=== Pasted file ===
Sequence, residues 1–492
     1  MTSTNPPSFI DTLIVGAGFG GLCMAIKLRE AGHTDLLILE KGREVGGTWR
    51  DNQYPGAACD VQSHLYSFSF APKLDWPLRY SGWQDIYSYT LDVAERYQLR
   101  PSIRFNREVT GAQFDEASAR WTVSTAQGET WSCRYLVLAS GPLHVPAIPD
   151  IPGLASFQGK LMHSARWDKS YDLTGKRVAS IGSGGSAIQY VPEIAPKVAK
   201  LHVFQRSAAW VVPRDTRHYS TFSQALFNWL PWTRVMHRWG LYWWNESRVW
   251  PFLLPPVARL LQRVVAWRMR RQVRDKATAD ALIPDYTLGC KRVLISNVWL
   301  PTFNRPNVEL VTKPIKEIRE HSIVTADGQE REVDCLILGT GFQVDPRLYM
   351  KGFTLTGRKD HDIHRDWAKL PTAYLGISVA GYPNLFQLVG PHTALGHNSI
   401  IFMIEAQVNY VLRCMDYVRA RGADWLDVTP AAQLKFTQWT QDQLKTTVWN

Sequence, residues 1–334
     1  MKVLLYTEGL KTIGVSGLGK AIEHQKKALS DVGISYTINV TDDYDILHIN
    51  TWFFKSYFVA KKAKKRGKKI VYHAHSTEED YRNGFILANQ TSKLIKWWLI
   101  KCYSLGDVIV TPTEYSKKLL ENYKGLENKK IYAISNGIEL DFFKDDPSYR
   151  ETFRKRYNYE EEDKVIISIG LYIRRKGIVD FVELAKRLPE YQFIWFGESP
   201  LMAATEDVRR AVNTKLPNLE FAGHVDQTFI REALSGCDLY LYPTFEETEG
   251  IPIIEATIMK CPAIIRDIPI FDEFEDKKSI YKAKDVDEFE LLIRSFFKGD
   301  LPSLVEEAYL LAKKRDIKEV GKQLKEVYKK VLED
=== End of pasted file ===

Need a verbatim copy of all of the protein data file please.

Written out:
Sequence, residues 1–492
     1  MTSTNPPSFI DTLIVGAGFG GLCMAIKLRE AGHTDLLILE KGREVGGTWR
    51  DNQYPGAACD VQSHLYSFSF APKLDWPLRY SGWQDIYSYT LDVAERYQLR
   101  PSIRFNREVT GAQFDEASAR WTVSTAQGET WSCRYLVLAS GPLHVPAIPD
   151  IPGLASFQGK LMHSARWDKS YDLTGKRVAS IGSGGSAIQY VPEIAPKVAK
   201  LHVFQRSAAW VVPRDTRHYS TFSQALFNWL PWTRVMHRWG LYWWNESRVW
   251  PFLLPPVARL LQRVVAWRMR RQVRDKATAD ALIPDYTLGC KRVLISNVWL
   301  PTFNRPNVEL VTKPIKEIRE HSIVTADGQE REVDCLILGT GFQVDPRLYM
   351  KGFTLTGRKD HDIHRDWAKL PTAYLGISVA GYPNLFQLVG PHTALGHNSI
   401  IFMIEAQVNY VLRCMDYVRA RGADWLDVTP AAQLKFTQWT QDQLKTTVWN

Sequence, residues 1–334
     1  MKVLLYTEGL KTIGVSGLGK AIEHQKKALS DVGISYTINV TDDYDILHIN
    51  TWFFKSYFVA KKAKKRGKKI VYHAHSTEED YRNGFILANQ TSKLIKWWLI
   101  KCYSLGDVIV TPTEYSKKLL ENYKGLENKK IYAISNGIEL DFFKDDPSYR
   151  ETFRKRYNYE EEDKVIISIG LYIRRKGIVD FVELAKRLPE YQFIWFGESP
   201  LMAATEDVRR AVNTKLPNLE FAGHVDQTFI REALSGCDLY LYPTFEETEG
   251  IPIIEATIMK CPAIIRDIPI FDEFEDKKSI YKAKDVDEFE LLIRSFFKGD
   301  LPSLVEEAYL LAKKRDIKEV GKQLKEVYKK VLED